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Ruth Goller
Skylla Daryl Worthington , July 14th, 2021 08:49

Bassist for Acoustic Ladyland and Melt Yourself Down with her first solo album, an entwining of bass and voice that feels like pure science fiction, finds Daryl Worthington

Ruth Goller’s songs on Skylla play out like a game of pass the story along between composer and instrument. Flurries of notes met with bouncing clusters of vocal phrases. An idea knocked back and forth, extended and elaborated in a state of constant evolution. The result feels deeply emergent, a dialogue which is maze-like yet open ended.

Bassist with Acoustic Ladyland and Melt Yourself Down, Goller’s performed and recorded with the likes of Shabaka Hutchings and Paul McCartney, but Skylla marks her debut solo statement. Each track is composed with a different tuning, Goller using that unfamiliarity as a vehicle into an instinctive, reactive approach to composition.

On opener ‘Often They Came To Visit, Even Just To See How She Was (M1)’ harmonics and syllables dance through the air like they’ve been flicked from a paint brush. Runs through unfamiliar scales creating a mystifying shimmer as wordless vocalisations meld into interpretable phrases. ‘What’s Really Important She Wanted to Know part 1’ sees Alice Grant join on vocals, two voices dancing around bass flickers before a cloud of distortion takes it towards Big Brave style drone meditations. ‘The shine of the gold was too strong (M8)’ dwells more in friction and tension. While Goller’s bass and singing trickle along, Lauren Kinsella’s abstract vocalisations splash through. The three elements combining into a warped flow of surreal perceptions.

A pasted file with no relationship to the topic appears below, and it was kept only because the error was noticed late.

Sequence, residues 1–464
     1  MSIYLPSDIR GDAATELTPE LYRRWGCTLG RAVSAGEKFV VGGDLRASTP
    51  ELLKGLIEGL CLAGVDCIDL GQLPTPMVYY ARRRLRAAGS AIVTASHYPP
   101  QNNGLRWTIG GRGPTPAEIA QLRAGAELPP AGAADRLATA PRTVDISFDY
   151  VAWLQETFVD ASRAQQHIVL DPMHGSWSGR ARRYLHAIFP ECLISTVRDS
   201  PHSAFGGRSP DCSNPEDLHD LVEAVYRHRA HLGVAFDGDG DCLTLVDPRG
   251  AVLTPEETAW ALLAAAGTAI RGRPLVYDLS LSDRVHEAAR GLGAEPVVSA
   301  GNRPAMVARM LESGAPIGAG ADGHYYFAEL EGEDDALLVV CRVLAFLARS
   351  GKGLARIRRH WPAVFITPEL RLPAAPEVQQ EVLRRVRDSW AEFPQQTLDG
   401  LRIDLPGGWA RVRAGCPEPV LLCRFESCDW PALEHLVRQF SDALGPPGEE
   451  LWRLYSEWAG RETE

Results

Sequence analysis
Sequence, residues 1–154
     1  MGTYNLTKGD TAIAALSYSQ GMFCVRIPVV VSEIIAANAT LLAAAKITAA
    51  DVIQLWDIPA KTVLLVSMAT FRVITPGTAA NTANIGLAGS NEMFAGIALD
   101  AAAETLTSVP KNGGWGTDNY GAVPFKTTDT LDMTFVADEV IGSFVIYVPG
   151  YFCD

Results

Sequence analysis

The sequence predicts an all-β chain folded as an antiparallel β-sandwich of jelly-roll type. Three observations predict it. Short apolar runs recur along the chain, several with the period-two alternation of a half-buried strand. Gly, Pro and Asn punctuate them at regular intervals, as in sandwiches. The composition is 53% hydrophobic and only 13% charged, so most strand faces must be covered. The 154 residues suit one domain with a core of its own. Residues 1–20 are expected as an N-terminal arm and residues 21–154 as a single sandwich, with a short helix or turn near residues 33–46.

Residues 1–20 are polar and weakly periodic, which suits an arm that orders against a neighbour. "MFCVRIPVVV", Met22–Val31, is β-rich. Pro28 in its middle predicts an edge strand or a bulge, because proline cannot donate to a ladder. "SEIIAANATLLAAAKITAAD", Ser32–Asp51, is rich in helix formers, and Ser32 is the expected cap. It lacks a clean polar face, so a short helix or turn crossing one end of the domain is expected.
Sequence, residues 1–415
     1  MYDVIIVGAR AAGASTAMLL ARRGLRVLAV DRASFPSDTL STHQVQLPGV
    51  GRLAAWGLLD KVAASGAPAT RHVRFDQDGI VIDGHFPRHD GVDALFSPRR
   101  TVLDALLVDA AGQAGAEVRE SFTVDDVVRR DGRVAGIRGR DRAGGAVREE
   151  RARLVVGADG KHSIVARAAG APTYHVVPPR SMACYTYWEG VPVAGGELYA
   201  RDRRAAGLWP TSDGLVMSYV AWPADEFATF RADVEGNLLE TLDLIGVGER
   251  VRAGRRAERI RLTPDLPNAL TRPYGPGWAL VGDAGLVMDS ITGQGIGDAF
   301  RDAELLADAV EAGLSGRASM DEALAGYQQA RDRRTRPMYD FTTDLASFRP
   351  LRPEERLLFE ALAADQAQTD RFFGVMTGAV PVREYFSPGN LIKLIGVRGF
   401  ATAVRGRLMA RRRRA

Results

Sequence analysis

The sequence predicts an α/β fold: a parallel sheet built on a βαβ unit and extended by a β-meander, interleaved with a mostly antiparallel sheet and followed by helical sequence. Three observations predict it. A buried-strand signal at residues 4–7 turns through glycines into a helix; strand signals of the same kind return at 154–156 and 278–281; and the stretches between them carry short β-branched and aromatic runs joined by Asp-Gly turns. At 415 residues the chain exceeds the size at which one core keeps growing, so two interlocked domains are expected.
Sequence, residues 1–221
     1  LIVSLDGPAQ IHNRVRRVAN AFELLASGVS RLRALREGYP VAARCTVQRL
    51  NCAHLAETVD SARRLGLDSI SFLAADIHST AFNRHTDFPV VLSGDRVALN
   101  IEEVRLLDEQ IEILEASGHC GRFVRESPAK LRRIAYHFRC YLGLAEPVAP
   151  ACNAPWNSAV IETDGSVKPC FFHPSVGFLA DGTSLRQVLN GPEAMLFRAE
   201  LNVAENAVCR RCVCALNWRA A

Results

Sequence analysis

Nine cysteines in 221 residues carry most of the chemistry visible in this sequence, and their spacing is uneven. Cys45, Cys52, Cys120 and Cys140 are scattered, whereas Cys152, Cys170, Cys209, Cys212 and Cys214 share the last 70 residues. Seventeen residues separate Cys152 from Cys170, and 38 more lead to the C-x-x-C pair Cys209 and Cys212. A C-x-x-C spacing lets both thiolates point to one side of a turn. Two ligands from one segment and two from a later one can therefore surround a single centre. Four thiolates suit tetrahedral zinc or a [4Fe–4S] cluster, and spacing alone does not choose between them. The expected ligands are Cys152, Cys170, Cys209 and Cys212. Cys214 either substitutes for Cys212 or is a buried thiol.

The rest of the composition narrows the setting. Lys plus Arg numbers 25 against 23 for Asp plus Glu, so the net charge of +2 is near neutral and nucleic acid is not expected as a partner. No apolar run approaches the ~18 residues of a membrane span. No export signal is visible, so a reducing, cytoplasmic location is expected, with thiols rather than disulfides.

It’s music which feels like speculative fiction, as though the twisting shapes and sinuous melodies are teasing towards something unbounded by familiarity. ‘What’s Up Is Not Real Most Of The Time’ captures that feeling most poignantly in both title and sonics. Patterns of harmonics make post-rock shapes, while the playful, almost nursery rhyme vocal melody seems to get more complex with each repetition, a delicately laced riddle which asks you to admire the intricacy rather than find a solution. It’s possible to try and pull out a few things this record sounds like: Douglas McCombs’ all bass laments as Brokeback, the intimate abstraction of Body/Head, and the utopian ethnography Ursula Le Guin and Todd Barton conjured on Music and Poetry from Kesh. But really these references are just plotting contours around Skylla rather than pointing to what it’s a synthesis of.

Goller cites her post-punk roots as an inspiration, and while it might not be obvious in this album’s soft, smokey hues, it’s there in the defiant, convention-evading energy. It sits on a gentler yet related parallel to the line that runs from The Raincoats through to Still House Plants, in that it uses spontaneity and playfulness to break inscribed convention. Skylla captures a sense of stepping over a threshold into unfamiliar territory, elation surging through the grasping for new associations and relations.